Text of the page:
Malcolm Turnbull Quote

The question of whether or to what extent human activities are causing global warming is not a matter of ideology, let alone of belief. The issue is simply one of risk management.

Malcolm Turnbull

The question of whether or to what extent human activities are causing global warming is not a matter of ideology, let alone of belief. The issue is simply one of risk management.

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About Malcolm Turnbull

Malcolm Bligh Turnbull (born 24 October 1954) is an Australian former politician and businessman who served as the 29th prime minister of Australia from 2015 to 2018. He held office as leader of the Liberal Party of Australia and was the member of parliament (MP) for the New South Wales division of Wentworth from 2004 to 2018.
Turnbull graduated from the University of Sydney as a Bachelor of Arts and a Bachelor of Laws, before attending Brasenose College, Oxford, as a Rhodes Scholar, earning a Bachelor of Civil Law degree. For more than two decades, he worked as a journalist, lawyer, merchant banker, and venture capitalist. He was Chair of the Australian Republican Movement from 1993 to 2000, and was one of the leaders of the unsuccessful "Yes" campaign in the 1999 republic referendum. He was first elected to the Australian House of Representatives as a member of parliament (MP) for the division of Wentworth in New South Wales at the 2004 election, and was Minister for the Environment and Water in the Howard government from January 2007 until December 2007.
After coming second in the 2007 leadership election, Turnbull won the leadership of the Liberal Party in a leadership spill the following year and became Leader of the Opposition. However, his support of the Carbon Pollution Reduction Scheme proposed by the Rudd government in December 2009 led in turn to a leadership challenge by Tony Abbott, who defeated Turnbull by a single vote. Though initially planning to leave politics after this, Turnbull chose to remain and was later appointed Minister for Communications in the Abbott government following the Liberal-National Coalition's victory at the 2013 election.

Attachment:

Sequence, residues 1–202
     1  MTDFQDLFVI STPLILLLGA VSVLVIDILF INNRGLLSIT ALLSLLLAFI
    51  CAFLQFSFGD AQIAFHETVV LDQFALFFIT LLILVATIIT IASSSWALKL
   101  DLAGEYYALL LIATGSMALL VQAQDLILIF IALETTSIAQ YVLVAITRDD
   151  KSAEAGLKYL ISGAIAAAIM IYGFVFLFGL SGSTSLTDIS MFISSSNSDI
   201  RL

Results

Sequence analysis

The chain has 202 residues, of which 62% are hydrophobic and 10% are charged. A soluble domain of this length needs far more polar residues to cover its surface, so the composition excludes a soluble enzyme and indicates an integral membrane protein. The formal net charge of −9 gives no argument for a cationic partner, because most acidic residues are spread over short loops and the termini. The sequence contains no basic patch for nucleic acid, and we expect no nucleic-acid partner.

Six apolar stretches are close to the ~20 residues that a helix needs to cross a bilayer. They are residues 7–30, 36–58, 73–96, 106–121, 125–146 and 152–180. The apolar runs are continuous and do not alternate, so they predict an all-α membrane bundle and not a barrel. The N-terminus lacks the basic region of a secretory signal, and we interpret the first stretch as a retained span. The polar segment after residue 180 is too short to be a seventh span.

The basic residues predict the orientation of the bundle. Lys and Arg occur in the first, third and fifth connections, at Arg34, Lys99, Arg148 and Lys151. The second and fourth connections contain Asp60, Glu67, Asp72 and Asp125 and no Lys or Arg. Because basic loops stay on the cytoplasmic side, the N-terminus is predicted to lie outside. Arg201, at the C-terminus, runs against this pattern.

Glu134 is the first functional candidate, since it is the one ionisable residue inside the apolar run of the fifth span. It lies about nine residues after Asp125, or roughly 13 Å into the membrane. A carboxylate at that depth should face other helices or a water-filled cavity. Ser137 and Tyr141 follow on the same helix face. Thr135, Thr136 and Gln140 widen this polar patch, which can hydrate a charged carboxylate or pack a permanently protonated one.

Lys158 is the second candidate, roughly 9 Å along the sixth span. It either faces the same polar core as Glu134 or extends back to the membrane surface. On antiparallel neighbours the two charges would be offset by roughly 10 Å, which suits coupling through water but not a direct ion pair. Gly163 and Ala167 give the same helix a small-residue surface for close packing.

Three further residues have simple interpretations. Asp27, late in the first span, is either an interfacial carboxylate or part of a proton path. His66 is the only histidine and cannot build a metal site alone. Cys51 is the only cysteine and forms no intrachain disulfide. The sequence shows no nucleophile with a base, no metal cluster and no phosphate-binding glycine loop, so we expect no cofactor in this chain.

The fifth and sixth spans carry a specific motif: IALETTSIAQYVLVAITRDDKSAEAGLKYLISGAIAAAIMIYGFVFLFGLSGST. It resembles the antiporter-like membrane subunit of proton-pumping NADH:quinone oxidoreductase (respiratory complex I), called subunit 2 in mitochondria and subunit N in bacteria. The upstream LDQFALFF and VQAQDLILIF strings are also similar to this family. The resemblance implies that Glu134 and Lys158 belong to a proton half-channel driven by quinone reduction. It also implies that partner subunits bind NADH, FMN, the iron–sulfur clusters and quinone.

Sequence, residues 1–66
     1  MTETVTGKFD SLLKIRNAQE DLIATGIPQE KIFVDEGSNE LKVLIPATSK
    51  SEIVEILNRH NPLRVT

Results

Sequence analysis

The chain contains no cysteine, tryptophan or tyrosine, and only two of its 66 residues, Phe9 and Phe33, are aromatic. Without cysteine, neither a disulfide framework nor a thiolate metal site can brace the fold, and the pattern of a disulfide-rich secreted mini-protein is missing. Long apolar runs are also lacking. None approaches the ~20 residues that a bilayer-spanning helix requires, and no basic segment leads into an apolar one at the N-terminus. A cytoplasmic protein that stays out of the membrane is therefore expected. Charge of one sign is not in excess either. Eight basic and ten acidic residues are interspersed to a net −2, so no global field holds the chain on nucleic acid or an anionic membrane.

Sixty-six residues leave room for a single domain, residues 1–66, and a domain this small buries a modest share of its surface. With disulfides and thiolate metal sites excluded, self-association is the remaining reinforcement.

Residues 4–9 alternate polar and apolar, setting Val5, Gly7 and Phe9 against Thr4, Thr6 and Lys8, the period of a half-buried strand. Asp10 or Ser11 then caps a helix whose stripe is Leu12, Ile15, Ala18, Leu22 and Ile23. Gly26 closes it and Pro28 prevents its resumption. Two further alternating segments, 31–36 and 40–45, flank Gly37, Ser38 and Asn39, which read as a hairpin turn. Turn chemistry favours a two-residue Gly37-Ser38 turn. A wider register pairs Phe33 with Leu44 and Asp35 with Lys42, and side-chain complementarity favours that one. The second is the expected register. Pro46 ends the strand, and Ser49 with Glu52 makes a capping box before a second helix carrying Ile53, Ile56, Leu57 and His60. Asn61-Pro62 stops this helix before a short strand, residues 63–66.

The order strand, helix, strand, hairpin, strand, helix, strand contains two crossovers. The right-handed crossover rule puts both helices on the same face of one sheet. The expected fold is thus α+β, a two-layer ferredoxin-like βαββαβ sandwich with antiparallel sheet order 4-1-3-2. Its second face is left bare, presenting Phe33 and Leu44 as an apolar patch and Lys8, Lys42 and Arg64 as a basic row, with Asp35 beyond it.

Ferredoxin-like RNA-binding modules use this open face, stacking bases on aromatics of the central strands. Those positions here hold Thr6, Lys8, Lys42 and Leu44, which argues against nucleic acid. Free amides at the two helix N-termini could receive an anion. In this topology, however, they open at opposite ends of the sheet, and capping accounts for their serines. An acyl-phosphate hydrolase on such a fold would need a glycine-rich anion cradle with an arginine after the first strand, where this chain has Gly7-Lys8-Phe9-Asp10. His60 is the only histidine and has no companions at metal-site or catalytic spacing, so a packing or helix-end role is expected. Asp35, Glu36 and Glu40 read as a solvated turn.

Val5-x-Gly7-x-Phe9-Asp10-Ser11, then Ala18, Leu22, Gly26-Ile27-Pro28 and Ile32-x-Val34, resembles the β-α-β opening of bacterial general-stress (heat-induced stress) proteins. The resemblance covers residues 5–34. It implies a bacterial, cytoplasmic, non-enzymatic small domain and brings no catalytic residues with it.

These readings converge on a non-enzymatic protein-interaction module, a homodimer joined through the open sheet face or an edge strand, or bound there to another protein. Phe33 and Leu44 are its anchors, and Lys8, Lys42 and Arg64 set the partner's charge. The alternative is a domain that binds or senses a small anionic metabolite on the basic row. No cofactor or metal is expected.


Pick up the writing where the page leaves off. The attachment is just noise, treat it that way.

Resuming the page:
Two years later, citing consistently poor opinion polling, Turnbull resigned from the Cabinet on 14 September 2015 and challenged Abbott, successfully reclaiming the leadership of the Liberal Party by ten votes. He was sworn in as prime minister the following day. The Turnbull government initiated the National Innovation and Science Agenda as its key economic priority, working to promote STEM education, increase venture capital funding for new start-ups, and launch an "ideas boom". Turnbull also pursued "city deals" with local and state governments to improve planning outcomes and encourage investment in major infrastructure projects such as the Western Sydney Airport. In 2016, Turnbull led the Coalition to a narrow victory in a double dissolution election. In his second term, Turnbull initiated and campaigned for the "Yes" side in the same-sex marriage plebiscite, which was ultimately successful. Turnbull also announced Snowy Hydro 2.0, a major expansion of the Snowy Mountains Scheme as a key component in enabling the transition to renewable energy. In late 2017, the government experienced a parliamentary eligibility crisis that saw fifteen parliamentarians forced out of Parliament due to concerns about dual citizenship.
To address climate change and reform energy policy, in August 2018 Turnbull proposed the National Energy Guarantee. Although initially agreed to by the Cabinet, the policy was ultimately rejected by the party room. This, combined with poor opinion polling, led to Peter Dutton challenging Turnbull for the Liberal leadership. Although Turnbull defeated Dutton in the party room, a majority of MPs demanded a second spill, which Turnbull did not contest. On 24 August 2018, Scott Morrison defeated Dutton and Julie Bishop in the contest, and replaced Turnbull as prime minister. Turnbull resigned from Parliament, triggering a by-election in his former seat of Wentworth. The Liberal Party lost the by-election to independent candidate Kerryn Phelps, which resulted in the Coalition losing its absolute majority in the House of Representatives.
Since retiring from politics, Turnbull has become an advisor to Kasada, an Australian cybersecurity start-up. He has been critical of the direction of the Liberal Party, and has joined with his former opponent Kevin Rudd in criticising the dominance of Rupert Murdoch's News Corp in Australian political debate.